Sunday, October 6, 2013

Penny Lane, Stephen King, and the end of the world as we know it. How I Read -- Jen Salvato Doktorski

Recently I was reading the first book in a best-selling, young adult, dystopian trilogy. From page one, I was rooting for the tough, female protagonist and falling for her crush-worthy love interest. The action and pacing were amazing and on the whole, it was un-put-downable—the perfect book to read during a six-hour stint at jury duty.

I never made it out of the jury assembly room and was thrilled to have all those guilt-free consecutive hours to read. It’s something that almost never happens anymore and I was determined to take full advantage. I read through most of the lunch break, hoping to finish the book before the day was through and I was no longer a carefree potential juror. Around mid-afternoon I reached the novel’s climatic battle scene during which the protagonist loses someone she loves dearly and the sight of all that blood and gore makes her physically sick. Who could blame her for tossing her cookies? But then three pages later, when she’s reunited with her love interest and they share a passionate kiss, all I could think was: “Ew, ew, ew! I know civilization is crumbling around you and all, but couldn’t you saved that kiss until you had a chance to either brush your teeth or pop a mint?!”
Moments like that completely pull me out of the action of the book. They ruin the magic and my willingness to believe.
            Here’s another example. This summer, while on vacation, I was reading Stephen King’s Joyland. (A great coming-of- age story, by the way.) It was set in the 1970s and in one scene, a character uses a microwave. Now I don’t know about most people, but my family did not have a microwave until sometime in the 1980s and this bit of information really bugged me. I put down the book, grabbed my phone, and looked up “microwaves” on Wikipedia to determine if they were available to the general public in the 1970s. Turns out, they were. It’s not that I didn’t trust Stephen King or his editors, but again, it was one of those things that made me go “What?” It just didn’t sound right.
            This month we’re blogging about how we read. Like a lot of readers, and probably most writers, I read different genres for different reasons. Because I’m trying to get better at my craft, these days I pay more attention to characters, plot, pacing, language, and dialogue than I did before I sold my first novel. But ultimately, it’s the seemingly little things that bother me the most when I read. If facts, dates, and timing seem off; details sounds wrong; or dialogue doesn’t ring true, it makes for a frustrating reading experience for me. I think it’s because those little things matter. Getting all the small stuff right adds up to the bigger picture that all writers, whether they’re writing fiction or non-fiction, should be striving for—the truth. And I suppose when I read, that’s exactly what I’m searching for.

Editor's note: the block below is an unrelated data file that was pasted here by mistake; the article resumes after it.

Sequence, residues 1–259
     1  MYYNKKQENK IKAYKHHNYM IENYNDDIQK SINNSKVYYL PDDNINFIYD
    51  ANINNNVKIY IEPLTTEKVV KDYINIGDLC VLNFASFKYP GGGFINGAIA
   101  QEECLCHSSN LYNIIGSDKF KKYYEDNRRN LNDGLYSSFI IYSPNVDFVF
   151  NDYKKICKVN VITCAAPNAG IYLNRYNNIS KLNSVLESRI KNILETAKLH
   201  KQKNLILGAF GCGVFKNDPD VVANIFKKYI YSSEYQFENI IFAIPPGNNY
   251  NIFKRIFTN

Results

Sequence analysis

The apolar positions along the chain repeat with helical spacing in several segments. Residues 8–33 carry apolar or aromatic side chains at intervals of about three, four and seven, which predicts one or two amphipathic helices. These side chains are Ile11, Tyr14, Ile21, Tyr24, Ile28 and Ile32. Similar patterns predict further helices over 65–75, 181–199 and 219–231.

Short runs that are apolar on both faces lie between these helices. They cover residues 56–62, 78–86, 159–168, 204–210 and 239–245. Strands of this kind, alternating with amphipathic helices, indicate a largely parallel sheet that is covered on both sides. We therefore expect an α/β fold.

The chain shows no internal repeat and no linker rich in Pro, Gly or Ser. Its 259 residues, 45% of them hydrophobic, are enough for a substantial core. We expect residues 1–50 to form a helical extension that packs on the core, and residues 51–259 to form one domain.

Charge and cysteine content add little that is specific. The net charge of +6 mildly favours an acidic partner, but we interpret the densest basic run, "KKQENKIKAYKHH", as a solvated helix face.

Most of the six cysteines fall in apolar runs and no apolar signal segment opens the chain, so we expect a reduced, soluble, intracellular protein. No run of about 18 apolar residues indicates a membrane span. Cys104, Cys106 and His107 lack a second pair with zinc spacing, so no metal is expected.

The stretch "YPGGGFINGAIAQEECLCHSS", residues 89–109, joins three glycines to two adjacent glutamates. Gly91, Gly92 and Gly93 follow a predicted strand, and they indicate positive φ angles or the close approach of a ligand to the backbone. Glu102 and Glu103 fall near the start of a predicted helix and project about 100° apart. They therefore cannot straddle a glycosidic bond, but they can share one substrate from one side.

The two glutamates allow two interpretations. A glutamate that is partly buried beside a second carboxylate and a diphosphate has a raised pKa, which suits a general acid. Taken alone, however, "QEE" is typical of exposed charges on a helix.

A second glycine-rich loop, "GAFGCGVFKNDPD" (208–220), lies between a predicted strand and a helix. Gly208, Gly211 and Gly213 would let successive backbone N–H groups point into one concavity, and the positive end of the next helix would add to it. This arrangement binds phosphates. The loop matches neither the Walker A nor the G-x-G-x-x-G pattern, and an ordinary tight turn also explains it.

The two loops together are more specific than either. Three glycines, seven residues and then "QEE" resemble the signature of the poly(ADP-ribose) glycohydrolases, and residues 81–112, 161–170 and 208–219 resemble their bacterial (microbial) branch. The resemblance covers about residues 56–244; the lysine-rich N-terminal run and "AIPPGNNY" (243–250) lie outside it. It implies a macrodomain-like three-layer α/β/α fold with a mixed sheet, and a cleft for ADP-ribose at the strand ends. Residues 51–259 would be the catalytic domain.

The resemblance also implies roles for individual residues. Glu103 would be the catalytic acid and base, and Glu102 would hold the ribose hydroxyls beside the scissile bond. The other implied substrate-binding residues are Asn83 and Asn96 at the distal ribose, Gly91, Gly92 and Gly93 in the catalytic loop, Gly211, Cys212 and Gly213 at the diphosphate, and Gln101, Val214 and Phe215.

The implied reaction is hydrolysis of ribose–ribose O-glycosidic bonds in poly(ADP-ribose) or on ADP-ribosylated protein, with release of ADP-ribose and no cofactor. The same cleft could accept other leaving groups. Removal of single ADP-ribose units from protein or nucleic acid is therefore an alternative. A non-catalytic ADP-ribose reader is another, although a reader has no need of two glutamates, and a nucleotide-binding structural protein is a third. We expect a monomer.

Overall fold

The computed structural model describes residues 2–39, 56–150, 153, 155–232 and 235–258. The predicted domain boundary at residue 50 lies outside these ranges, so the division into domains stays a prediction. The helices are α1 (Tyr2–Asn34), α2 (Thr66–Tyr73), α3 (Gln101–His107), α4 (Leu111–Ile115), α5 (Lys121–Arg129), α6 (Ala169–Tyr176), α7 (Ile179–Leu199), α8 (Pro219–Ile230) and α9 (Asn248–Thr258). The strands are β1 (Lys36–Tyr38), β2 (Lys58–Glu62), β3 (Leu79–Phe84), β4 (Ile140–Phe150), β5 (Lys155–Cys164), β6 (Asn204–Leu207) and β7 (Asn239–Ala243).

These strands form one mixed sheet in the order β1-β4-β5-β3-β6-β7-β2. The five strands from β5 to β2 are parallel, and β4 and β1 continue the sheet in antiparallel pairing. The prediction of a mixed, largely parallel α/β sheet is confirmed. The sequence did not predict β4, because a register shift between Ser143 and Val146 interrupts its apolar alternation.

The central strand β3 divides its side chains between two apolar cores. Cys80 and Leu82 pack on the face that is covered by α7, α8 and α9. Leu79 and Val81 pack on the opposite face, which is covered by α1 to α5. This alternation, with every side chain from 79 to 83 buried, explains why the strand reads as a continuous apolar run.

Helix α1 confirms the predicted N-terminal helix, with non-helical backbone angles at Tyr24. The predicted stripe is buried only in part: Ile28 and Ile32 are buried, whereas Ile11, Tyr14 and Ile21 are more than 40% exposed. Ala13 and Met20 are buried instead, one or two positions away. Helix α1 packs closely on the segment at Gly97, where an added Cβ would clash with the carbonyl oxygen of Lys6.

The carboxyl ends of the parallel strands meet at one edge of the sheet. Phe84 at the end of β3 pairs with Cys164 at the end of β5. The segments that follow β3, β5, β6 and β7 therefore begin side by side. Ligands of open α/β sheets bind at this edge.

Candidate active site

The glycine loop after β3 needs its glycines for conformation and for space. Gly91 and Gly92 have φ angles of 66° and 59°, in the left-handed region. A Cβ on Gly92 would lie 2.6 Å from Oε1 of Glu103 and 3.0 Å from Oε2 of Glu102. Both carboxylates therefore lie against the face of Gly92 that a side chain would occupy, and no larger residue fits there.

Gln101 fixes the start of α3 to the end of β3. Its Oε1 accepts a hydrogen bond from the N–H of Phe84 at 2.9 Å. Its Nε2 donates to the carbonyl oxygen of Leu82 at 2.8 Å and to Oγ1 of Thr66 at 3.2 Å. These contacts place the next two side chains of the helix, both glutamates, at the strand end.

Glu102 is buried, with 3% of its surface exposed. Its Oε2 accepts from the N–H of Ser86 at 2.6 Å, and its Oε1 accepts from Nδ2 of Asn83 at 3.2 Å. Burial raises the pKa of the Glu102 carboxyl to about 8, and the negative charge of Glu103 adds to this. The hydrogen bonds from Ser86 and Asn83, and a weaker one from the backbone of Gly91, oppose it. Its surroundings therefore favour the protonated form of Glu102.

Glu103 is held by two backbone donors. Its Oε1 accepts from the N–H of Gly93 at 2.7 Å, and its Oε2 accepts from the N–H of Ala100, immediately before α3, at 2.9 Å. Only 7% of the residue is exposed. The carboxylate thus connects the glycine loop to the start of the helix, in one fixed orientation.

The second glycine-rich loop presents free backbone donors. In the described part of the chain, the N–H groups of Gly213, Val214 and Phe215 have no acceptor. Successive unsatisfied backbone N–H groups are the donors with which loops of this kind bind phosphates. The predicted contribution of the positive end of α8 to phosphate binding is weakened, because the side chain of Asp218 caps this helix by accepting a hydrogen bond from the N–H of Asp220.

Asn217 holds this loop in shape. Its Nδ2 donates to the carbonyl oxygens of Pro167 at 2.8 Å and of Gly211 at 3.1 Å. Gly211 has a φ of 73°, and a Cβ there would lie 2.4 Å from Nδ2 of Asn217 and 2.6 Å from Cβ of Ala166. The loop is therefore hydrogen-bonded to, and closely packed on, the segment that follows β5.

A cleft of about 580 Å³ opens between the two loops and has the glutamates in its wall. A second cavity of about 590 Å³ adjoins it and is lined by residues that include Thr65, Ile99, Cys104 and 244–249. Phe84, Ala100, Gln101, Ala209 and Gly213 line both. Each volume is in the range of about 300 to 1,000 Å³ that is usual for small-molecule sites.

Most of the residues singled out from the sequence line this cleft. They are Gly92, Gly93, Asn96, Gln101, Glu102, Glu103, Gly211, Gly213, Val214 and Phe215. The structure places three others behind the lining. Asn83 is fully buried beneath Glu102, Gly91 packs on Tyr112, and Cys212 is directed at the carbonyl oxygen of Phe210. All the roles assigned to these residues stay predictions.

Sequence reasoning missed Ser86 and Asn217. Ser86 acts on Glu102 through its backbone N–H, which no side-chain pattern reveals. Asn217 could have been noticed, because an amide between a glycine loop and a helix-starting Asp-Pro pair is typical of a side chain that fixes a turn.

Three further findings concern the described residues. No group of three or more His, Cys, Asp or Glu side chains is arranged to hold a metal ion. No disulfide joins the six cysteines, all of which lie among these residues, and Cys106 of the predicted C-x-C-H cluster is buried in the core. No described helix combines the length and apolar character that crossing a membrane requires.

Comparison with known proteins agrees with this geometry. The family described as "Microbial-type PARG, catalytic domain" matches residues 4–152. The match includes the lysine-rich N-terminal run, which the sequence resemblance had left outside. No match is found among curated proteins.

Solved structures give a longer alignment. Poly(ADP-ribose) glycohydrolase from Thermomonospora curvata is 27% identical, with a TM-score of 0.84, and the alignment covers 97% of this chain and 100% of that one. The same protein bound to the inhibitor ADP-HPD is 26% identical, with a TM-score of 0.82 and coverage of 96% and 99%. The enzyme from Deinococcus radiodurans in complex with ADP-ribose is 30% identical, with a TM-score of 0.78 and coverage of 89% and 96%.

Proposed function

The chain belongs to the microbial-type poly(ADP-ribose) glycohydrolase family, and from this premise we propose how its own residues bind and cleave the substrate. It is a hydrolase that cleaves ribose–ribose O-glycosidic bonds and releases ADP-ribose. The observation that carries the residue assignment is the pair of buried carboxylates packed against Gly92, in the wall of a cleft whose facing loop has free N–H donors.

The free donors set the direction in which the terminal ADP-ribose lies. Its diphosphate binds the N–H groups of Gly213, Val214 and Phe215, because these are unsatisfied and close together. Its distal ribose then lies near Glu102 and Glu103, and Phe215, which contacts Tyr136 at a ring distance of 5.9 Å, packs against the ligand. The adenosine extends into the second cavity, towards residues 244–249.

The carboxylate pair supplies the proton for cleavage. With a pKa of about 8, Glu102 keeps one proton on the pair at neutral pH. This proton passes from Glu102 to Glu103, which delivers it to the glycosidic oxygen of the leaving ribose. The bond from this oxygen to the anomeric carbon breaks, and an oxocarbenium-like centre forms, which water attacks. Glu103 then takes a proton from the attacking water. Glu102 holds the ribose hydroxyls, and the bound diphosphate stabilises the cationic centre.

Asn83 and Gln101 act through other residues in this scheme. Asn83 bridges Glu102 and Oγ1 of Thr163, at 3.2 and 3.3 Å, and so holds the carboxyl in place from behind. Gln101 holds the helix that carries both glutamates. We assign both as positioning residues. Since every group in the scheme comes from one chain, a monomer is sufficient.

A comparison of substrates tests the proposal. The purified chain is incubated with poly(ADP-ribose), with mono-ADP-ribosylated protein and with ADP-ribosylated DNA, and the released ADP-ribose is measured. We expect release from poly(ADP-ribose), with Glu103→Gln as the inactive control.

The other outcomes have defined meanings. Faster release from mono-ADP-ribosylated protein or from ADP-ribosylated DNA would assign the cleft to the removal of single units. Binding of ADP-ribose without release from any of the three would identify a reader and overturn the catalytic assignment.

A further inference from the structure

In the movie Almost Famous, there’s a scene I absolutely love. Young William Miller has been hired by Rolling Stone magazine to interview the band Stillwater. Early in the movie, William meets the captivating band groupie Penny Lane. You can tell he’s already falling hard for her and wants to impress. When she asks him how old he is, he lies and tells her he’s eighteen. “Me too!” She says, and he knows she’s on to him. “Seventeen,” he amends, and again she chimes in, “Me too!” Forcing William to concede that he’s sixteen. At which point, the ever-wise Penny looks 15-year-old William in the eye and says. “Me too. Isn't it funny? The truth just sounds different.”  
Yes. It does.


  1. King seems to have at least one inconsistency in each book that draws me out. In 11/22/63 the MC is in Dallas in 1961 and sees a "Don't Mess With Texas" sticker. Whaaaa? That phrase came about in the 80s as part of an anti-littering campaign. He did such extensive research on the rest of the book, you'd think something like that wouldn't sneak in.

    1. Yes, I totally agree, Dotti. That's why those little things but me so much

  2. My copy editors have saved me from a lot of these slips, but it's so hard to track them all down!

  3. Jennifer, I know! Me too. I always get so mad at myself for those little slips because I'm so darn picky about them when I read.

    Holly, I love Almost Famous!

  4. Poor research always trips me up. Yet I see folks on writing boards and in writing groups say, "It doesn't matter. No one will notice." But there's always that one person - or many in some cases - who always does. I grew up in Appalachia and can tell when someone has never been there or "only just dropped in for a spell" - like Suzanne Collins, to name one; reading about her Appalachia in the The Hunger Games books drove me absolutely nuts.

  5. I find it fascinating what irks one person and what another never even notices. Great post.

  6. As someone who always fact checks and researches, this stuff definitely irks me, too. My husband is a mechanic and every time we watch something with a car scene, he’s always going, that could NOT really happen. Because I know there are experts in everything, I always try to be as thorough as possible. Also, I ADORE that Almost Famous scene!